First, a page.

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Challenges Experienced in Childhood
Frederick Douglass experienced the first challenges associated with racism during the first years of his life as a slave because he was separated from his mother and observed the slaves’ sufferings from beatings, physical tortures, and other cruel practices performed by slave owners. Douglass stated that those practices were “a common custom” (Douglass 15).
During his childhood, Douglass received self-education because of his efforts and contacts with educated masters such as Mrs. Sophia Auld who taught the alphabet for Douglass (Douglass 45).
However, Douglass became an influential anti-slavery and human rights activist because in the early childhood he learnt the power of education to fight inequality with the help of his literary and public speaking skills to mobilize people against the evil of slavery.
If Douglass began to suffer from being a black slave during his early childhood, Barack Obama born in the family of Ann Dunham and the Kenyan Barack Obama Sr. did not face the challenges of racial discrimination so vividly.
Thus, Obama coped with challenges of racism with the help of his relatives’ explanations and support of the friends. Obama states, “The children of farmers, servants, and low-level bureaucrats had become my best friends” (Obama 25).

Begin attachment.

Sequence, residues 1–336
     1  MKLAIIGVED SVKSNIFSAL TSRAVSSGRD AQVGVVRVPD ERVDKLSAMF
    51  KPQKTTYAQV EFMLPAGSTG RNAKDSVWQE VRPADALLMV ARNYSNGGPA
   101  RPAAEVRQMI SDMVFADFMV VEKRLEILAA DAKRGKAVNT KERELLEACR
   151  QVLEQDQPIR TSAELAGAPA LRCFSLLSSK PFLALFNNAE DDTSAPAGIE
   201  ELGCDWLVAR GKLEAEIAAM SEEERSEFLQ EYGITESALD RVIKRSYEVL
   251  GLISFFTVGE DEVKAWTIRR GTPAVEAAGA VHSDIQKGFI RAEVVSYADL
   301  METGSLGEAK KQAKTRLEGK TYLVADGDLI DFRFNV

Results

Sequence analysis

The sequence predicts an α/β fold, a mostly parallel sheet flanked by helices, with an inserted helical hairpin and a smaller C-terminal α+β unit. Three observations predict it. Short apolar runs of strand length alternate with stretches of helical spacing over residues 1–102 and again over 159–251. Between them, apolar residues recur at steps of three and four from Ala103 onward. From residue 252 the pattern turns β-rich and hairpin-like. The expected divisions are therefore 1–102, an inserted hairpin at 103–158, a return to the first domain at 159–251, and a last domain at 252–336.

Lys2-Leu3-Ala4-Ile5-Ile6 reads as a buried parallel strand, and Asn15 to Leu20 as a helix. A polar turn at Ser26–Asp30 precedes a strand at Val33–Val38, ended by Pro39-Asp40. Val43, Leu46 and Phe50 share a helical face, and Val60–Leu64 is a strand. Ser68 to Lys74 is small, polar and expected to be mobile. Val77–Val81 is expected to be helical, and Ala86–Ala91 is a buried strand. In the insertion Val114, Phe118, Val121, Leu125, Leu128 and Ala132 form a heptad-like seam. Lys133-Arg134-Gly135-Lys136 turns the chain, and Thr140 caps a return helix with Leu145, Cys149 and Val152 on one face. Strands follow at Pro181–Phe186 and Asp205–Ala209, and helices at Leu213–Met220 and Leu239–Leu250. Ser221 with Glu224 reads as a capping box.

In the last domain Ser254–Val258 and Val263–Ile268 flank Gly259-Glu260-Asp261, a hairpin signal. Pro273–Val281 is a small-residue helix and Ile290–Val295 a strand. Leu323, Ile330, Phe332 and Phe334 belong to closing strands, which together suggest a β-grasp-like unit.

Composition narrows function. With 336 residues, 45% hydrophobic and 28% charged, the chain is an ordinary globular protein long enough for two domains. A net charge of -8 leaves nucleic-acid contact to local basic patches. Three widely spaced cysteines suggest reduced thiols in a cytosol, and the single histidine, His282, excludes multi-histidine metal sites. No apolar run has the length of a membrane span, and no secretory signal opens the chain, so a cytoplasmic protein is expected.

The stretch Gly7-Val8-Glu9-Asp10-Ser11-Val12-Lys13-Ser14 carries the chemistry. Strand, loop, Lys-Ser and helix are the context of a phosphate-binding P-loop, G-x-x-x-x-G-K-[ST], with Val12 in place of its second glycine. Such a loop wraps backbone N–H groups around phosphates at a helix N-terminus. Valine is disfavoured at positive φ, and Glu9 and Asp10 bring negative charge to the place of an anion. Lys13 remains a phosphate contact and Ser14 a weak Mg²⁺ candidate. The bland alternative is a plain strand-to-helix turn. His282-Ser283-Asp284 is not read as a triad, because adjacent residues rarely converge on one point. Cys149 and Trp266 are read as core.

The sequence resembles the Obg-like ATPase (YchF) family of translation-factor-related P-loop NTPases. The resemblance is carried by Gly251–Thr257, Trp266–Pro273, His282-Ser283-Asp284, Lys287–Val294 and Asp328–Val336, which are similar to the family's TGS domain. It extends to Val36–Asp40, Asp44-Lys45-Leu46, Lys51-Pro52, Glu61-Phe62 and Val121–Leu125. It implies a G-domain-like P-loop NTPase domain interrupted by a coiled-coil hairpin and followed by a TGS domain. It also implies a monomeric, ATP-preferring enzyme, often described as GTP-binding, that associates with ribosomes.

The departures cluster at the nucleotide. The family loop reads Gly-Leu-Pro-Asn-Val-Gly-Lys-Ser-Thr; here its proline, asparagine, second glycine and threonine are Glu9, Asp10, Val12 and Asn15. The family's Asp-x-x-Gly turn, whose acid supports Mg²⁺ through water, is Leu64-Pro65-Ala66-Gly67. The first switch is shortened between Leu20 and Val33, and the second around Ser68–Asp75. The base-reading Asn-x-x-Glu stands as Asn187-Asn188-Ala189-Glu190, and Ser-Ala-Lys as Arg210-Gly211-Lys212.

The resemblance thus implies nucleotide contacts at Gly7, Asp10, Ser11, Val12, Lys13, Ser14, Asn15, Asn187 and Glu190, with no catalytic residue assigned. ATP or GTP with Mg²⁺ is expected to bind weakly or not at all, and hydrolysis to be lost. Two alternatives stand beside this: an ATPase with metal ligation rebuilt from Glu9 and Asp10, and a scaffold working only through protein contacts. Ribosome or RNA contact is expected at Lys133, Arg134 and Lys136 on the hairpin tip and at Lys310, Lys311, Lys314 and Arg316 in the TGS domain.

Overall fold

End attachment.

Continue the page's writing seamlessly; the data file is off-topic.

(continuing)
However, Obama portrays his first-hand experience with racism as the struggle to fit in the American society of white people and access equal education because of being one of several black students in the school environments (Obama 31-38).
Being a slave, Frederick Douglass had no opportunity to attend schools and receive education. The white farmers made it impossible for slave children to access education, making the blacks more ignorant when white children could be sent to the best schools to contribute to their future careers. According to Douglass, it was typical for the white farmers to keep their slaves uneducated to perpetuate slavery.
Douglass even refers to one master’s words, “Learning would spoil the best nigger in the world” (Douglass 41). Thus, Douglass had to educate himself and learn how to read and write (Douglass 46-47). This situation differs from the case of Barack Obama who was not prevented from receiving education because of race and social status.
Although Obama was provided with an opportunity to receive the perfect education in the Punahou elite private school located in Honolulu, Hawaii, he also faced a kind of discrimination. Obama was the representative of the black minority at school.
In spite of the success in study, Barack suffered from discrimination and racism because some students called him a ‘coon’, a tennis pro once said that Barack’s “color might rub off”, and the basketball coach was not satisfied with the black players’ style of playing (Obama 48-49).
Parenting and Personal Identity
The fact of being a black slave also influenced Douglass’s understanding and perception of his identity. Douglass did not know his father, but there were rumours that he was the son of his white master. According to Douglass, slave children hardly knew their origins, dates of birth, and relatives because they were separated from their mothers and relatives early in their life (Douglass 15).
For instance, the white farmer separated little Frederick from his mother probably to avoid any disclosure of the fact that the boy was his biological son. Separation was a form of the psychological pressure realized by white slave owners in order to “destroy the natural affection of the mother for the child” and to intensify the pressure among the slaves and contribute to their obedience (Douglass 16).